Steps to Recovery is one of the only live-in rehabilitation facilities in Cottonwood, with the next-closest located in Rimrock and Prescott. Anne Vickers and Damien Browning opened Steps to Recovery Homes to use their combined decades of sobriety to help others overcome their addictions.
“We decided we had to do something because there’s nowhere for these people to go who want serious recovery,” Vickers said.
Vickers moved to Arizona from Kansas City, Mo., in 1983. She met Browning at a narcotics anonymous meeting when she was 20 years sober.
“When Damien and I got together a little over two years ago, opening a facility is something we talked about from the very beginning,” Vickers said.
She said while in the recovery process, it can be hard for people who have not been addicted to drugs or alcohol to understand the continued need to attend meetings.
“They start getting to the point, well why do you still need to go to those meetings,” Vickers said. “While I may seem better, if I don’t continue to work on myself, I can revert back to the person I was 20 years ago.”
Without any certifications or training, patients can relate to Vickers’ 22 years of experience with the process. She and Browning provide “recovery coaching.”
Vickers was 14 when she started smoking weed, using pills and doing speed. After her children were born, she started using crystal meth, a more deadly kind of speed.
“At that time, my children’s father and I were together and we were both on that path of destruction,” Vickers said. “We were arrested.”
Time in jail and community service didn’t immediately steer her toward recovery. She was in a court-ordered recovery program, something many patients at Steps to Recovery have in common.
“You can come in on a court card and still learn a new way to live,” she said. “It took me a few years to actually get serious. My clean date is August 28, 1991.”
The recovery home provides patients with group and individual sessions as well as career and education advice.
The couple used credit cards to pay for beds and other essentials. Open since August, the house is now bringing in enough to pay its own bills.
“We’re hoping to recoup what we put into this in six months so we can buy another home,” Vickers said. “There’s a really big need for it here.”
Vickers said her experiences with addiction, watching people succumb to drugs while in recovery, and Browning losing his children and going to prison have all contributed to their level of understanding with the home’s residents.
The intake interview gives residents the opportunity to talk about what they’ve experienced, finding out what they’re willing to do to recover.
Steps to Recovery requires residents to perform two hours of community service and attend several hour-long sessions each week. They are not monitored overnight, but residents can be kicked out for using and not turning in a fellow addict who relapses.
“We don’t want to treat them like 12-year-olds,” Vickers said. “We want to present to them that we’re trusting of them and we want them to be responsible for their own recovery.”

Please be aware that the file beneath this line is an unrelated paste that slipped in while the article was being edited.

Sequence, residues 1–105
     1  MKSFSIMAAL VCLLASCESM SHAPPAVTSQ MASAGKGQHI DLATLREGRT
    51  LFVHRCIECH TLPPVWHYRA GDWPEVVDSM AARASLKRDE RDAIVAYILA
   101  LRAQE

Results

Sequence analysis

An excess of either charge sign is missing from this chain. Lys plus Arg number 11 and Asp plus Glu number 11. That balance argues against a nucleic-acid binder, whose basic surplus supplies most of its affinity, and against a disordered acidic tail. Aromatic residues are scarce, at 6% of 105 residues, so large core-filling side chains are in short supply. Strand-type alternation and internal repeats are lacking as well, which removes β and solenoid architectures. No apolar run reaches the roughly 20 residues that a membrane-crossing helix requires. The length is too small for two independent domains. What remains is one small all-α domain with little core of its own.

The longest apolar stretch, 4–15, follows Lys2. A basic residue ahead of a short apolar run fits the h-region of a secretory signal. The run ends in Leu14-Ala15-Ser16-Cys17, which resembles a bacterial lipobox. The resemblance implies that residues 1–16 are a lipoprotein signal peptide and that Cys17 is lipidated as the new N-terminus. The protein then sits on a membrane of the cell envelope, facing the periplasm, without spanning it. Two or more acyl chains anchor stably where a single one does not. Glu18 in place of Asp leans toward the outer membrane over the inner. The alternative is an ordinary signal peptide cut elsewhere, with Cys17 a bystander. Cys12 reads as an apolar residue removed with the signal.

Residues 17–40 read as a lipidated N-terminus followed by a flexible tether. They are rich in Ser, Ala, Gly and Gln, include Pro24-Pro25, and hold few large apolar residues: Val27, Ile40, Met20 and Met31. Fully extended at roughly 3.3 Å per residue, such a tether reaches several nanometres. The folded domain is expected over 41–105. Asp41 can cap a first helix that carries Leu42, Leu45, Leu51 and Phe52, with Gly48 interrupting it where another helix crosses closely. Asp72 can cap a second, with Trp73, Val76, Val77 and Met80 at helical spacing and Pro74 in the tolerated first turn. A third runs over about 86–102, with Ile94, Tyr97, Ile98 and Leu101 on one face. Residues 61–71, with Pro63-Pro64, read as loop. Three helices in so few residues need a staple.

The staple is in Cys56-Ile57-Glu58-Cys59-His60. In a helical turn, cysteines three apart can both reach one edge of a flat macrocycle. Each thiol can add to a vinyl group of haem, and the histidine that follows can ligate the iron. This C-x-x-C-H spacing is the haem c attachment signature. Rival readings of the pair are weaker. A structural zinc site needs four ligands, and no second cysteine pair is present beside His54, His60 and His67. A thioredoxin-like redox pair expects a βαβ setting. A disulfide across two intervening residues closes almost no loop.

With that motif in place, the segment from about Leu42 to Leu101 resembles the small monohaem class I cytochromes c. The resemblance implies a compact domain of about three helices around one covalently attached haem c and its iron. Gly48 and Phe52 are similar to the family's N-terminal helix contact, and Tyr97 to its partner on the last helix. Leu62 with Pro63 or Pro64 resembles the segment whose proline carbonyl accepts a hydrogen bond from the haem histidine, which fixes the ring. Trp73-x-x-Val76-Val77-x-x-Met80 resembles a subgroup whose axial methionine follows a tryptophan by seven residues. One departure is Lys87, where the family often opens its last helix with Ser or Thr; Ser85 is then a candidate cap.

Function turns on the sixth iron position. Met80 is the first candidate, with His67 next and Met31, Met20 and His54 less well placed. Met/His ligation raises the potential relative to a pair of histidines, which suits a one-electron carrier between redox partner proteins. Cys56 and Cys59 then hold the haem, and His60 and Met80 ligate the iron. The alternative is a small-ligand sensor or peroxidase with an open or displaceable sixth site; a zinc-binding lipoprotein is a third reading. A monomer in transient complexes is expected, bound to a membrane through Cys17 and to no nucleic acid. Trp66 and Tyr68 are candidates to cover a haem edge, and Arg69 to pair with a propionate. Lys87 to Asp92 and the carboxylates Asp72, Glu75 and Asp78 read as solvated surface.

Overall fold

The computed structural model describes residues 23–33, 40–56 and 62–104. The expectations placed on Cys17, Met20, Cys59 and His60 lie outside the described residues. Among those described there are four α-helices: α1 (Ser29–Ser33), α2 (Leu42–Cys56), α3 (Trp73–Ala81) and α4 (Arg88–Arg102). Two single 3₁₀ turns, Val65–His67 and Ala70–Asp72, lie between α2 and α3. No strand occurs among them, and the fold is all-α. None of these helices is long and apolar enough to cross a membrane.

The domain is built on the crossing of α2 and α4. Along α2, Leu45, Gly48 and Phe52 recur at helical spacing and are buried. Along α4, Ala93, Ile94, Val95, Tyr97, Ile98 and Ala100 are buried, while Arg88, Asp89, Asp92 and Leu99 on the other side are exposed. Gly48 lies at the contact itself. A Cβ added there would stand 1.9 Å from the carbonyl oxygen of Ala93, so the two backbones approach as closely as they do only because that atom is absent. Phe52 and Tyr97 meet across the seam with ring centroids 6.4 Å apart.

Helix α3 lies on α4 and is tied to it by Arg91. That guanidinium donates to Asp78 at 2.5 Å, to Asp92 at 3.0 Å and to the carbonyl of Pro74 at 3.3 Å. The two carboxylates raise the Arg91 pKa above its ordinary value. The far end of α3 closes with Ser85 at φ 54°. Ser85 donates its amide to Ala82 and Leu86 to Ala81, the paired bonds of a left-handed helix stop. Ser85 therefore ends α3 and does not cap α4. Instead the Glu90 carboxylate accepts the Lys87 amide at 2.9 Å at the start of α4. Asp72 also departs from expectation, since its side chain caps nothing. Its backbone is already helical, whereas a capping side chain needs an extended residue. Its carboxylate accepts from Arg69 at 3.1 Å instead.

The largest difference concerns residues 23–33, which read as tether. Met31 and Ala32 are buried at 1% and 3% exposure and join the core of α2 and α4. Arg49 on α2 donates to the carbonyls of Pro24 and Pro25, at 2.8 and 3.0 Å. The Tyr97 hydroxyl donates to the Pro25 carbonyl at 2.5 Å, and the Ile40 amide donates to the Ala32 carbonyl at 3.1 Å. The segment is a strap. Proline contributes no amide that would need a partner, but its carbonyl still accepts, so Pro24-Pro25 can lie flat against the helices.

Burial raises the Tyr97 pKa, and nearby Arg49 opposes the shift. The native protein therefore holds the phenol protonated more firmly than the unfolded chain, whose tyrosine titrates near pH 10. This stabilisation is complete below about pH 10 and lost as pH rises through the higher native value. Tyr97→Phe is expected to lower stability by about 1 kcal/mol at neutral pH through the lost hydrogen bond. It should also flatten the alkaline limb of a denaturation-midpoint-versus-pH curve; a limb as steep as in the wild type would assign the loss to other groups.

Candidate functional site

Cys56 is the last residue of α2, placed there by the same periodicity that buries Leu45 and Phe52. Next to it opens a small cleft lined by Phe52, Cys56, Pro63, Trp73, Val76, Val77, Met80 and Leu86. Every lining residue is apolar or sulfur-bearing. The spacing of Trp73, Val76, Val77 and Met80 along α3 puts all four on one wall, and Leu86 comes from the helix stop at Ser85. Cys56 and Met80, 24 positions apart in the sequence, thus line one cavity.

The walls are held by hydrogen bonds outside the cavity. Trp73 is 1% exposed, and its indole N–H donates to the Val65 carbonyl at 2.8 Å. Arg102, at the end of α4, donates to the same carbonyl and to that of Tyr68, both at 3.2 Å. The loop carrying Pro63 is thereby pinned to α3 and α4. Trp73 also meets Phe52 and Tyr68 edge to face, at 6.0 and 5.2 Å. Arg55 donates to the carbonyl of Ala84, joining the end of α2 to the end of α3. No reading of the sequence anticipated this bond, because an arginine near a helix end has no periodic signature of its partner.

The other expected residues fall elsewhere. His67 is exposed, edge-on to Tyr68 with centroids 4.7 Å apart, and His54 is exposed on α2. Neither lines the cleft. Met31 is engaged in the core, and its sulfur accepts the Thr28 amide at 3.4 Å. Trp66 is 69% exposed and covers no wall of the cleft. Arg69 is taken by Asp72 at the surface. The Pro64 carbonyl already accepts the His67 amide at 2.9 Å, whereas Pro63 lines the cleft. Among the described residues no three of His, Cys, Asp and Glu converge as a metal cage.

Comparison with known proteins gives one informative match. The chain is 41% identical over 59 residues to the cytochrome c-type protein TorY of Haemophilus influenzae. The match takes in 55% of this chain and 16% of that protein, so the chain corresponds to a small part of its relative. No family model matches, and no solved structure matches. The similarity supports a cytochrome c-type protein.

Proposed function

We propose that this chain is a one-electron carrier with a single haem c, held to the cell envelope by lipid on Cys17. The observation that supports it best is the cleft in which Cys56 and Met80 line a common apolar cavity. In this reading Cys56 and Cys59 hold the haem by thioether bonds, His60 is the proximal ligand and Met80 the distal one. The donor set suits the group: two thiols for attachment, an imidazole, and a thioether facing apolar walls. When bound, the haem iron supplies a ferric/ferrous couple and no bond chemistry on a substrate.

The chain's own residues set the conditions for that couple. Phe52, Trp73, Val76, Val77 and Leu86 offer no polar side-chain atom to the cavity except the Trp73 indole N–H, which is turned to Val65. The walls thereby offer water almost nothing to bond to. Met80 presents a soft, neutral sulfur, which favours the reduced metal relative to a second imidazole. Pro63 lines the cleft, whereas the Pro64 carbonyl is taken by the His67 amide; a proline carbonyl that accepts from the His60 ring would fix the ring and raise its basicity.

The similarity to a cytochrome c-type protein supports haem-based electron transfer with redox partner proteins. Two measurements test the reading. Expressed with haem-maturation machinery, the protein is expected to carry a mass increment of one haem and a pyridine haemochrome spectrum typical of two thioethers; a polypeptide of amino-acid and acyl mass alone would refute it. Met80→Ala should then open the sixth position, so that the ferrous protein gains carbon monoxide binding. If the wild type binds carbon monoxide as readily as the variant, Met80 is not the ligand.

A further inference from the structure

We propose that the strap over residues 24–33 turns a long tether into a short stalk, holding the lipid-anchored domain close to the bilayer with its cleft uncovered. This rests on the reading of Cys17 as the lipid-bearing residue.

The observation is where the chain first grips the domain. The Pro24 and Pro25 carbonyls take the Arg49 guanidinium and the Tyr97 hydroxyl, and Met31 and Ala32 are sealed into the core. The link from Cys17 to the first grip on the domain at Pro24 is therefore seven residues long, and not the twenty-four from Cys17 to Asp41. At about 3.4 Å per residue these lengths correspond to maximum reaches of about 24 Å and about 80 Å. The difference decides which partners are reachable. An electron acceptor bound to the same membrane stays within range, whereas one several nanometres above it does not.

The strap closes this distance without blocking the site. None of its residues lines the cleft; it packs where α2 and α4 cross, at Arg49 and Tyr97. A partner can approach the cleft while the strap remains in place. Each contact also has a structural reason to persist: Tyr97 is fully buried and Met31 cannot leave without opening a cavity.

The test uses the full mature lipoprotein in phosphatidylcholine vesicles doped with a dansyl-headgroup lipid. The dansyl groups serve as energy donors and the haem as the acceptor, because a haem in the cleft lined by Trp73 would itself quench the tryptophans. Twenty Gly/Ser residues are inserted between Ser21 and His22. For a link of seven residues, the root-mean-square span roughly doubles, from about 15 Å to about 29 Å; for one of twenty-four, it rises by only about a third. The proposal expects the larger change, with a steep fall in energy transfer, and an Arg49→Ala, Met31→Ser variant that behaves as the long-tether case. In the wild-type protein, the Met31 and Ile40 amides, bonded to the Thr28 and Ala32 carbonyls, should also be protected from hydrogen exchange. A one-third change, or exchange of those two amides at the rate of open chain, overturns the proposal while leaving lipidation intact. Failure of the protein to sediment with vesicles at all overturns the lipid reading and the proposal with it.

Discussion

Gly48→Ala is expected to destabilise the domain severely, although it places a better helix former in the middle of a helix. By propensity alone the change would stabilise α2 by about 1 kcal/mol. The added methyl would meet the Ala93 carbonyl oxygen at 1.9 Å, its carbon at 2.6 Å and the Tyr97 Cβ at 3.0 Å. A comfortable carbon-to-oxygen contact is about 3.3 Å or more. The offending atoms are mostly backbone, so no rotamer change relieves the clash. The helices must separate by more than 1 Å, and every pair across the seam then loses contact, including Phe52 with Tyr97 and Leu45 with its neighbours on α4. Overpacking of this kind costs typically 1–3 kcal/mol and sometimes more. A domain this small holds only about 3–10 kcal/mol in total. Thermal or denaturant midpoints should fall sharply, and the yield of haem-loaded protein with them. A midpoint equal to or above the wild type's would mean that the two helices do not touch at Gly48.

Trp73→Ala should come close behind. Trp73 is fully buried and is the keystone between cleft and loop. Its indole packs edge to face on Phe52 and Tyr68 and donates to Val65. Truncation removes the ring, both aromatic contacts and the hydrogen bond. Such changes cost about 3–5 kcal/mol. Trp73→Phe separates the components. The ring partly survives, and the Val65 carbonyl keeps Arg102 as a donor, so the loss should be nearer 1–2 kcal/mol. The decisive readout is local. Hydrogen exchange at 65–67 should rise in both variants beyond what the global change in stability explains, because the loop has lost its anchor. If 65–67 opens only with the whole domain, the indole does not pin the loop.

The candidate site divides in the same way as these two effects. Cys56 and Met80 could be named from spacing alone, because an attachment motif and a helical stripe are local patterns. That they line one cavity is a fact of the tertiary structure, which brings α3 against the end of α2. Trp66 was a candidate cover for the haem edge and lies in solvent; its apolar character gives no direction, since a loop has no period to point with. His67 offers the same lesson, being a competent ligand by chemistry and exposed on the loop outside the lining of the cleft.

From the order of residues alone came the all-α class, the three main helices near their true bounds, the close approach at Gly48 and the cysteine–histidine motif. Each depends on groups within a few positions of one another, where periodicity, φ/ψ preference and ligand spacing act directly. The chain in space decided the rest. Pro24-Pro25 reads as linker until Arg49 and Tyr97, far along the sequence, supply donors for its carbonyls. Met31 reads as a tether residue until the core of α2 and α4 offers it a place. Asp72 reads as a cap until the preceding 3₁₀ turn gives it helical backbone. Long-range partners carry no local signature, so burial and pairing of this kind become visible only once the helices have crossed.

Vickers said it was important for the couple to open the business together.
“We each have attributes that the other doesn’t have,” Vickers said. “One of us may not approach a client in a way that might hinder them, so we’re able to bounce our different opinions off of each other our.”
The facility is not insured to the level needed by the courts for patients to be referred there for probation. Still, four out of nine residents are on probation.
“If a program doesn’t work or they relapse at home, probation officers will let them know we’re here,” she said. “If they come to us and we approve them, then all their probation officer has to do is approve them to stay here.”
The facility has been cleared by the fire department to hold 16 people, but Vickers said they are trying to keep residents to a manageable number.
“We didn’t want to pack them in so tight that we didn’t have time for them or they were tripping over each other,” she said. “We already have personality issues and people who don’t get along, and we work together on those issues as well.”
Residents pay $125.45 each week and are provided with paper products, a laundry facility, detergent, soaps and shampoos as needed.
“We want them to become self supporting, but if they don’t have something, we try to provide that for them,” she said.
If a client is a good fit for the facility but can’t afford the weekly rent, nonprofit organizations like St. Vincent de Paul will sometimes step in to help. This happened with one female resident who has been at the house a little over two months.
“They helped her stay so she could have a better shot,” Vickers said.
Browning said he was not completely receptive to his own treatment after he was arrested and spent time away from his family.
“It was really hard listening to people who I thought couldn’t relate to me,” he said. “For a lot of people with substance abuse issues or other issues, they kind of are really defiant and stubborn and can’t take on any suggestions. It helps to get those suggestions from people who have been where they’ve been.”
He now goes to the jail once a month to talk to inmates about addiction, and sponsors six people who are working their way through the 12 steps. He’s been clean for almost seven years.
“It really does feel good to help people and be part of the solution,” he said.
One major component of the Steps to Recovery program is helping people become productive members of their families as well as their communities.
“I learned how to be a father, a son and a grandson and a good friend,” he said of his own recovery.
A full-time student online at NAU, Browning’s first priority is sobriety. He meets with his own sponsor once a week to work on behavior, perceptions and helping others.
“One of the things we’re trying to do here is give people hope,” he said.